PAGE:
By Nena Barlow
This article originally appeared on fourwheeler.com.
The first year of the Rebelle Rally was 2016, and Emily Miller of Rod Hall Racing had put together an all-women’s off-road rally lasting seven days and covering more than 1,000 miles of desert roads. The competition would not be for speed, but for navigational accuracy using only a map and compass—no GPS allowed. I was asked to prep some Jeeps for that first Rebelle Rally and decided to compete as well, and I have ever since. Having completed our third year in the rally, we have fine-tuned an approach to preparing a Jeep for such an endeavor.
Since the tires are what actually touch the ground, we start there and work our way up to the steering and suspension components. We inspect and tighten all of our control arm mounts, tie-rod ends, ball joints, steering columns, track bar mounts—anything that attaches the frame to the suspension and steering—to proper torque specifications. Shocks and springs are next, and anything that looks questionable gets replaced. Air filters (don’t forget cabin air filters), oil filters, differential fluid, transmission fluid, transfer case fluid, are all checked and cleaned, topped off, or replaced.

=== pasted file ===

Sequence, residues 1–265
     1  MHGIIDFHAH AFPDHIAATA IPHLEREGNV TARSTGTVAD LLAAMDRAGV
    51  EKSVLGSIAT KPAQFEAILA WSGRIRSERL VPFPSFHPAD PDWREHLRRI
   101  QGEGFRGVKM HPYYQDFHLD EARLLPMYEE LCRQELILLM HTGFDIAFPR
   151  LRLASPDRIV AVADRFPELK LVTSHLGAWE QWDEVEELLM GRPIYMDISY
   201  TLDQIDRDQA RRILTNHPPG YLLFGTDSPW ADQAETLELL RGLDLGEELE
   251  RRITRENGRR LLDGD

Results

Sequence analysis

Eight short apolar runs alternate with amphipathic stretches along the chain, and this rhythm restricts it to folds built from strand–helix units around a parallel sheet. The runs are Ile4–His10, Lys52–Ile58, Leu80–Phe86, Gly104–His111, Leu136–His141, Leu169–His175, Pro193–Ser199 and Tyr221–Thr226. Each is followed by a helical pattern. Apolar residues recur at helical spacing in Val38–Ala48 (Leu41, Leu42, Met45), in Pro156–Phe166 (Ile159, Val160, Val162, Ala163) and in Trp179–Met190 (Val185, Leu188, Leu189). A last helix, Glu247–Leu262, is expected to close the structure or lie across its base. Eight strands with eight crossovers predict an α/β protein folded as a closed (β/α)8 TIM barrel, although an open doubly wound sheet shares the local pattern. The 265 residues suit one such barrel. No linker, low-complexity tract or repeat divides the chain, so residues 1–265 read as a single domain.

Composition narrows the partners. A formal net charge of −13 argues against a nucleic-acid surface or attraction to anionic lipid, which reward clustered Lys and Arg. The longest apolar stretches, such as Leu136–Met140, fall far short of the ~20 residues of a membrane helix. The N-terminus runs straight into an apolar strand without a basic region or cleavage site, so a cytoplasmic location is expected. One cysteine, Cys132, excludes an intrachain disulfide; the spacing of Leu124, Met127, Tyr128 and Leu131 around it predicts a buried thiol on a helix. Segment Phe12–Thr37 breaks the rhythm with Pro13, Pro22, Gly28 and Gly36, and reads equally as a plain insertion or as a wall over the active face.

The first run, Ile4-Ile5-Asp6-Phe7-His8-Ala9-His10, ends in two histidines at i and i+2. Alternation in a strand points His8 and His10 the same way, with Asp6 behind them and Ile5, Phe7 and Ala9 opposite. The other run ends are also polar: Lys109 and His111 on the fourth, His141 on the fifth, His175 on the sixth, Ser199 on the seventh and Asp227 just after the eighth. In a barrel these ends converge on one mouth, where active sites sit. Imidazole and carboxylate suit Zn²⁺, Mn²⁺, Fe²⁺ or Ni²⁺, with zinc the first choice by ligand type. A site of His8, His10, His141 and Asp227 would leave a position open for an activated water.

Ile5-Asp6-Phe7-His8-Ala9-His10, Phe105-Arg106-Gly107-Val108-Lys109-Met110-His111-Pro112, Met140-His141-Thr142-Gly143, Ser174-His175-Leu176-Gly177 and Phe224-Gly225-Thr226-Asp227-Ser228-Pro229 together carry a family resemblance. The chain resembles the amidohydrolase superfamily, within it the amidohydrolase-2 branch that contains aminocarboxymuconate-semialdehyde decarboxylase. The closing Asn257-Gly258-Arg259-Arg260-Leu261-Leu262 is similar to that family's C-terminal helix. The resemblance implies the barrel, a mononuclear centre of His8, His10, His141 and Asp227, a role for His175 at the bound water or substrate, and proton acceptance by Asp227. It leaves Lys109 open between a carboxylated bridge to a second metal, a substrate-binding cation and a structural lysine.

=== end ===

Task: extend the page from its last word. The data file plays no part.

Finally, we look at what additional equipment will be needed for self-sufficiency. On the Rebelle Rally, teams can have mechanical or recovery assistance with the push of a button, but they pay for it in penalties, so it’s good to be as self-sufficient as possible. Recovery devices such as traction boards, kinetic rope, and appropriate screw-pin bow shackles and soft shackles are a must-have. The factory Wrangler jack can be used to lift the axle high enough to change a flat or get the vehicle unstuck from many high-centered situations. We don’t provide Hi-Lift jacks, but we recommend that participants carry one if they know how to use it properly and safely. The same goes for winches.
Beyond the minimum vehicle basics, you should think about what specific spare parts might be needed for your rig, as well as how to change them out in the field when you’re tired and hungry, at night, in the rain. Truly, the most difficult challenge of any long-distance trek like the Rebelle Rally is overcoming the mental and physical fatigue to make smart navigation and driving decisions for 10 hours a day, many days in a row.